DAMASCUS — Syrian President Bashar al-Assad, facing a one-year revolt against his rule, set parliamentary elections under his country's new constitution for 7 May, the parliament's website said.
The poll will be the first under the constitution approved by referendum in February, which allows for multiple party elections but has been rejected by those who have joined the uprising.
Authorities say Assad's move toward elections shows his commitment toward reform after a year-long internal uprising and amid growing international pressure on Syria.
Assad's opponents say the constitution is illegitimate and insist the president must give up power.
"Of course we will boycott the elections because they will be fixed. But this is not a main focus for us. What we want is real change with a real presidential election, which Assad would surely lose," Melhem al-Droubi, a member of the Syrian Muslim Brotherhood and the Syrian National Council told Reuters in Beirut by telephone.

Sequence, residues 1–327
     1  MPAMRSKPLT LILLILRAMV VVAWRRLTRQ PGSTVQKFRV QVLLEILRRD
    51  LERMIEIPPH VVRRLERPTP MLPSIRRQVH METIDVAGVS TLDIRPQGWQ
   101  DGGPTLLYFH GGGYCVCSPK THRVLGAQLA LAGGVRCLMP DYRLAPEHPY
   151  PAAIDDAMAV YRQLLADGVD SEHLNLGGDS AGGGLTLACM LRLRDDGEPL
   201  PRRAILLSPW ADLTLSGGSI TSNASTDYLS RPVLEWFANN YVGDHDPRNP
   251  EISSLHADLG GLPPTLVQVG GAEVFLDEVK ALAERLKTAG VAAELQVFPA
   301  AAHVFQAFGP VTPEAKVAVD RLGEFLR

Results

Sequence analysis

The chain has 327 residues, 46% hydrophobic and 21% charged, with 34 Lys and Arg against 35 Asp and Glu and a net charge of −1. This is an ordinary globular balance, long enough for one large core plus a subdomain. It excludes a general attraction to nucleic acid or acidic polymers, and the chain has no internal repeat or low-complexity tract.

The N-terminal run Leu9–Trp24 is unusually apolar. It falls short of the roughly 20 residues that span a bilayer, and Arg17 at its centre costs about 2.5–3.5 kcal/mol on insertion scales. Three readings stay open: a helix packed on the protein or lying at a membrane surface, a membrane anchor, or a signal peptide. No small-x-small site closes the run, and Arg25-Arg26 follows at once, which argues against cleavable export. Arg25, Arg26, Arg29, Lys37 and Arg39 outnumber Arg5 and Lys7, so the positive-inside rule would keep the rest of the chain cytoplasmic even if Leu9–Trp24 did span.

The state's crackdown on an uprising that began as peaceful protests last March has grown increasingly bloody since rebels began fighting Assad's forces. Damascus says it is confronting militants steered from abroad.
The elections will be the first to follow the constitution's new outline for political plurality, revoking a clause put in place by Assad's late father Hafez al-Assad who ruled for nearly 30 years until his death in 2000. The clause stated that Assad's ruling Baath Party was "leader of state and society."
Under the new constitution, parties cannot be based on religion, profession or regional interests. This would exclude the outlawed Muslim Brotherhood or Kurdish parties seeking regional autonomy.